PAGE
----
Note the the chained CPI-U also increased and this is adjusted for 2005 dollar values was 3.3%, not seasonally adjusted. This means in real dollars, buying stuff plain costs more.

This report is from the BLS website. These numbers are for CPI-U, whereas the metric used to calculated social security and other government payments is CPI-W.

Last month's CPI report overview is here.

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Thanks for All these Reports on Reports

It's a huge task to keep up with this stuff and then to try to explain it. Plus you spend hours on preparing your posts and adding the charts.

Thanks for all your efforts. I really appreciate what you do here. Economic Populist is truly a spot of sanity in an ocean of incomplete information, competing misinformation, incompetent commentary and a government that's increasingly blind to our real problems.

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Thank the St. Louis Federal Reserve!

The St. Louis Federal Reserve enables me to graph these up fast as hell. If they weren't around, I'd have to maintain a set of graphs that I originally created and hand update them with new data.

I really think, in terms of public tools made available, the St. Louis Fed databases and graphing tools are truly a public service. You'll see all sorts of economists use them, including Paul Krugman, Brad Delong, to explain or at least graph out their points.

To me, reading a table and data entries, to see a pattern in raw numbers is very hard and most people cannot do it.

Graphs give a much better feel for monthly economic reports and for the most part, our "lost decade" or bad economy really is in this data. Pops up plain as day and also dismisses some of the huge lies out their in pundit and corporate lobbyist media plan spin land.

There are some places where I think there is a lot of denial and then in terms of raw data collection, statistics, I think there are still great problems. Some things are not easy to see, such as outsourcing, guest workers, globalization, labor arbitrage and so on, which could be improved by improvements in raw data collection, but for the most part the data really does reflect the sad state of affairs we are in.

Not only does the White House and Congress almost ignore these economic reports, they sure are not proscribing policy, legislation in response. All one needs to do is look at any manufacturing graph for the last 30 years and they should be jumping all over themselves to formulate a national manufacturing policy in response.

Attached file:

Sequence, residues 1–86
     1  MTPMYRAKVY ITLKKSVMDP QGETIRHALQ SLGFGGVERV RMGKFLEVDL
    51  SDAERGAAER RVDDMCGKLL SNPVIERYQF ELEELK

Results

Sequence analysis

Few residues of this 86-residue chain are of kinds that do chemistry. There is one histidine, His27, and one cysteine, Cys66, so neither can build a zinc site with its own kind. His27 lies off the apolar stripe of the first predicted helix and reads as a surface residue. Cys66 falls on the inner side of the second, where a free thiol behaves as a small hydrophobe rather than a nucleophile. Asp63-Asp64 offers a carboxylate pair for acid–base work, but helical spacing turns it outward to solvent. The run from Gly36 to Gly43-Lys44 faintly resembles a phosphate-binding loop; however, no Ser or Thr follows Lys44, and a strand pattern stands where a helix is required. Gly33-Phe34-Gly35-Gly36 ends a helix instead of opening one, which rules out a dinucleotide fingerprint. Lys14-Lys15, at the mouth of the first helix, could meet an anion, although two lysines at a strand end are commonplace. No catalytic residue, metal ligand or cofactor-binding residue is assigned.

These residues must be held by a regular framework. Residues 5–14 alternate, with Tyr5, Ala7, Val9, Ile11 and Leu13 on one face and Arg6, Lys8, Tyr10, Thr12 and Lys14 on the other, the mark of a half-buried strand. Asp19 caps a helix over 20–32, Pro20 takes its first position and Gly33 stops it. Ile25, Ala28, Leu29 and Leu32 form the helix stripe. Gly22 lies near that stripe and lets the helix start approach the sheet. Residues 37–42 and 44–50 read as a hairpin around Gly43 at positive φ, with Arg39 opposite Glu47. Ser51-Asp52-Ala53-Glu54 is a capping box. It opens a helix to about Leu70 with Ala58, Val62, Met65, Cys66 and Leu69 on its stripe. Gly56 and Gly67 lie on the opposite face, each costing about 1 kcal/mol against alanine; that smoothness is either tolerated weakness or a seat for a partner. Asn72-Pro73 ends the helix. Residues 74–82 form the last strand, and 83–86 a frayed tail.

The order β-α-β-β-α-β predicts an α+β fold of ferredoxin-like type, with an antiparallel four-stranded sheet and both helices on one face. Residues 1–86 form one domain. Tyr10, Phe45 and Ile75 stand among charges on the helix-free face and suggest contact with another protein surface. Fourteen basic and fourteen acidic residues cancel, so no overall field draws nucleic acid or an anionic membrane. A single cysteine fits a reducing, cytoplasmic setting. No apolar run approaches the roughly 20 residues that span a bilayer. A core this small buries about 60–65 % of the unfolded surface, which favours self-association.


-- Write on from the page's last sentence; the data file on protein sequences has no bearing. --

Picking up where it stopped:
So, I think amplifying graphs, data battles the special interests/politicians as well by amplifying how not in reality they are in terms of any policies or legislative agendas!

That drives me nuts for these branches of government were set up so they had a better understanding what was happening on a macro-economic, even international scale.

So, watch out there are GOP, tea parties, politicians who want to privatize or remove these statistical branches of government, believe that or not. They also play with their funding continuously.

Just what we need, even less insight into what's really happening, right?

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Playing catch up

I know Blankfein doesn't worry much about inflation, but the rest of us do, because we are playing a game of catch-up, those of us who have jobs or pensions. Somehow, Peter G. Peterson thinks we are to blame for the country's budget woes, and we should take the fall. Yeah, tell it to the Greeks. I keep looking out my window for the crowds carrying pitchforks -- Peter Peterson should do the same. It's too bad Blankfein does not have to speak at town hall meetings across America to crowds of people who have lost their jobs, their retirement, and their homes. For some, Social Security is all they have left and politicians want to tinker with it. At their peril. Inflation + lost hope = Greece. Coming soon to communities near you.

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Frank T.